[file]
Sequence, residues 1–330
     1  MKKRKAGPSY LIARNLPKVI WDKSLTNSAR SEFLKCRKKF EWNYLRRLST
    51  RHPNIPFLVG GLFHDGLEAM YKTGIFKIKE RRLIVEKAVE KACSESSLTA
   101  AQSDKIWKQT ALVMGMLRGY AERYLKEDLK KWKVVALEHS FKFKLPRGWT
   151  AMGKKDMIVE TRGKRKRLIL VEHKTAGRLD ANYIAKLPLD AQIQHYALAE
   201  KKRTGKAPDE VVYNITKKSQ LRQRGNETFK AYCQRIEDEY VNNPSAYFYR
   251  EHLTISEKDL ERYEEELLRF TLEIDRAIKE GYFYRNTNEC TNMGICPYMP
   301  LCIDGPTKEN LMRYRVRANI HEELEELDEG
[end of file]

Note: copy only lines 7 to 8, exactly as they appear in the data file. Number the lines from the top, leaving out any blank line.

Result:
   251  EHLTISEKDL ERYEEELLRF TLEIDRAIKE GYFYRNTNEC TNMGICPYMP
   301  LCIDGPTKEN LMRYRVRANI HEELEELDEG